successfully treat a chronic pain patient, very important to treat underline
psychological reasons behind the pain. We accept that all pain is real. This
may appear like an observable statement, but persons with chronic pain are
often treated as if their pain is either made-up or overstated. Some of this is
maintained by the mind-body dualism inherent in the medical model.
Unfortunately, this model continues to be alive and well in the medical community.
(Psychosomatic) dualism espouses the old dichotomy of “functional vs. organic”
when evaluating and diagnosing chronic pain. In the model, functional pain is
conceptualized to be of purely psychological etiology. A patient is often given
this label by the physician if a precise reason for the pain cannot be found
(identification of a pain generator).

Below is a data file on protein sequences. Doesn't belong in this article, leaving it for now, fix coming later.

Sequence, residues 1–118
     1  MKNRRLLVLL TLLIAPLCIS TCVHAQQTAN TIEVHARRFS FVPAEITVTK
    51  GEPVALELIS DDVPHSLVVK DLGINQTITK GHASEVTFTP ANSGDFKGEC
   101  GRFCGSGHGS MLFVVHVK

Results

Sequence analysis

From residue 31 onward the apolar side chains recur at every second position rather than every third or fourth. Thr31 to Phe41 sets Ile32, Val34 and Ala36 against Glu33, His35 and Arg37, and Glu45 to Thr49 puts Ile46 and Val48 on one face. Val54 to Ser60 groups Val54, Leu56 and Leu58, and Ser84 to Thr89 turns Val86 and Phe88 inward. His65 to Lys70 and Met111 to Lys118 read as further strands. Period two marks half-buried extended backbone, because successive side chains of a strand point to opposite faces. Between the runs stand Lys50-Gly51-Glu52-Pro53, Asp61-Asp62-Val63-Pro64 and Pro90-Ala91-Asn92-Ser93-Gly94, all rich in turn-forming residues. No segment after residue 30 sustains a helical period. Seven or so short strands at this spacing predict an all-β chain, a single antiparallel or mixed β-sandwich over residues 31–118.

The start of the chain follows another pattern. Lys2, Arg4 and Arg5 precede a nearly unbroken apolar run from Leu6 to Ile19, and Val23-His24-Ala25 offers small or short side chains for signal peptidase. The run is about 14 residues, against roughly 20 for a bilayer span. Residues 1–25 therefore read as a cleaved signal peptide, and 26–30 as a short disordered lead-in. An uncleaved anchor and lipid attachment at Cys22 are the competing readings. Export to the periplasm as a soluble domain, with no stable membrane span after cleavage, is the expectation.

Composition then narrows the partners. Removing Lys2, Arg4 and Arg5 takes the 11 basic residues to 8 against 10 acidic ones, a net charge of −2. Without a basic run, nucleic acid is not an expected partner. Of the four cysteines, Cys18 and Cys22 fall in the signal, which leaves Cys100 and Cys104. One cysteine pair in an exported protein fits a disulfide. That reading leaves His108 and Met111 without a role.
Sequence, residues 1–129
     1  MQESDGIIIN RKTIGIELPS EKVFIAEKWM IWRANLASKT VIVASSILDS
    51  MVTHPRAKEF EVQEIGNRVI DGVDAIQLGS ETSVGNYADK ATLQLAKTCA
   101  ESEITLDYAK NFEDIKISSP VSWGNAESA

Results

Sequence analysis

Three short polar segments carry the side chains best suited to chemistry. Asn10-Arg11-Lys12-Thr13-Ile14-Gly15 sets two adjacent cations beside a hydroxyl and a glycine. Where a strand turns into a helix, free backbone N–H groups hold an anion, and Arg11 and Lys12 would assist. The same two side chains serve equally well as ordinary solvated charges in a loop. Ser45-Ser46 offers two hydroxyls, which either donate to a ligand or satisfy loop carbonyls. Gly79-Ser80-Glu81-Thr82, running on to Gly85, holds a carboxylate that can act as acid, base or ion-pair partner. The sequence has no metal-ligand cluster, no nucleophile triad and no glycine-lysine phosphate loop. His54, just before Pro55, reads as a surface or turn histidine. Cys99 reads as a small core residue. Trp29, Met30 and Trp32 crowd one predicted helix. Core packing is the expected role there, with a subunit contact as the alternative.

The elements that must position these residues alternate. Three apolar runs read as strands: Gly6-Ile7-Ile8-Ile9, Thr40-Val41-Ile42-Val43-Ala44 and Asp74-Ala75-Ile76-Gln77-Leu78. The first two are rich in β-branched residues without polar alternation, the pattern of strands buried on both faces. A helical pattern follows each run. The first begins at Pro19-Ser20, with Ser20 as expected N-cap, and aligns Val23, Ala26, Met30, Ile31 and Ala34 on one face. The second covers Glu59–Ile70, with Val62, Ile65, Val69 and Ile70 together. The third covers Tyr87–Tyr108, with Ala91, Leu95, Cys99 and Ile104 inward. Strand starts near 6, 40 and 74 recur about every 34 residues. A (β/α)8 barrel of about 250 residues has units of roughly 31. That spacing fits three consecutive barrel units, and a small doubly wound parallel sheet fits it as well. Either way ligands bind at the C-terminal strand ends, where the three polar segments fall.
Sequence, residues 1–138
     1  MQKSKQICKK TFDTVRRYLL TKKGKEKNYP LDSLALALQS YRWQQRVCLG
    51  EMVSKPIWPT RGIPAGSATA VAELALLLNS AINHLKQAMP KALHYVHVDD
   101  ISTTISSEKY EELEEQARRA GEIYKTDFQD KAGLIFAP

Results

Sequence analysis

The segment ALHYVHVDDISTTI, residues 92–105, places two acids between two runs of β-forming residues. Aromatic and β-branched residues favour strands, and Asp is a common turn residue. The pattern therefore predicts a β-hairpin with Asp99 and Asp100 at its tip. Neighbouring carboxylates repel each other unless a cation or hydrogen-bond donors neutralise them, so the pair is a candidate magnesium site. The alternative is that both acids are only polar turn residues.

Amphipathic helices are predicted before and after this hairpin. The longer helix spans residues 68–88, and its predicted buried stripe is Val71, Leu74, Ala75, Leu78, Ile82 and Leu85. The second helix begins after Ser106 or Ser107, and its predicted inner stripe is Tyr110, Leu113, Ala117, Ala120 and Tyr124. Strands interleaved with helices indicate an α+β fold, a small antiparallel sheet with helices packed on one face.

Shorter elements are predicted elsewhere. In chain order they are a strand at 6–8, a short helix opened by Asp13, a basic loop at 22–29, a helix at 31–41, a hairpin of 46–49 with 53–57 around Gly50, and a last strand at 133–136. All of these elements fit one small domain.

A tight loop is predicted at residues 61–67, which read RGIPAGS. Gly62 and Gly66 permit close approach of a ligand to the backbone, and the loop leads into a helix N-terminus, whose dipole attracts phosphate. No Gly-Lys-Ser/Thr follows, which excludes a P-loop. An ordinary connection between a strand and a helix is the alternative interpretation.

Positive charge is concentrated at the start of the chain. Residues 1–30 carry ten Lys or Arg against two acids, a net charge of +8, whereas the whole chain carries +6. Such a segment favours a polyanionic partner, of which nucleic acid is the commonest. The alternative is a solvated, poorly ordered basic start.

this circumstance, the psychological etiology is a diagnosis by exclusion.
Given this situation, it is not surprising that many chronic pain patients feel
like they have to prove their pain to their friends, family, and doctors. There
are countless patients with stories of being told by doctors that there is no
“medical” reason for the pain and therefore “it cannot be that bad.” One of the
first tasks for the pain management is to establish with the patient that his
reports of pain will be believed. This is especially important since the
patient may be hesitant about seeing a “shrink” in the first place. We will
discuss this issue further under the initial interview section.
is a personal experience and cannot be measured like other problems in medicine
such as a broken leg or an infection. This causes a frustrating experience for
the chronic pain patient in interacting with the healthcare system, family, and
friends. Everyone knows that a broken leg can be confirmed by an x-ray and an
infection by a blood test measuring the white blood cell count.
there is no medical test to measure pain levels.
Thus, chronic pain sufferers will go from one
doctor to the next searching for medical explanations for their pain (and for a
cure). This can lead to unnecessary evaluations and treatments, in addition to
putting the patient at risk for actually being harmed or made worse by the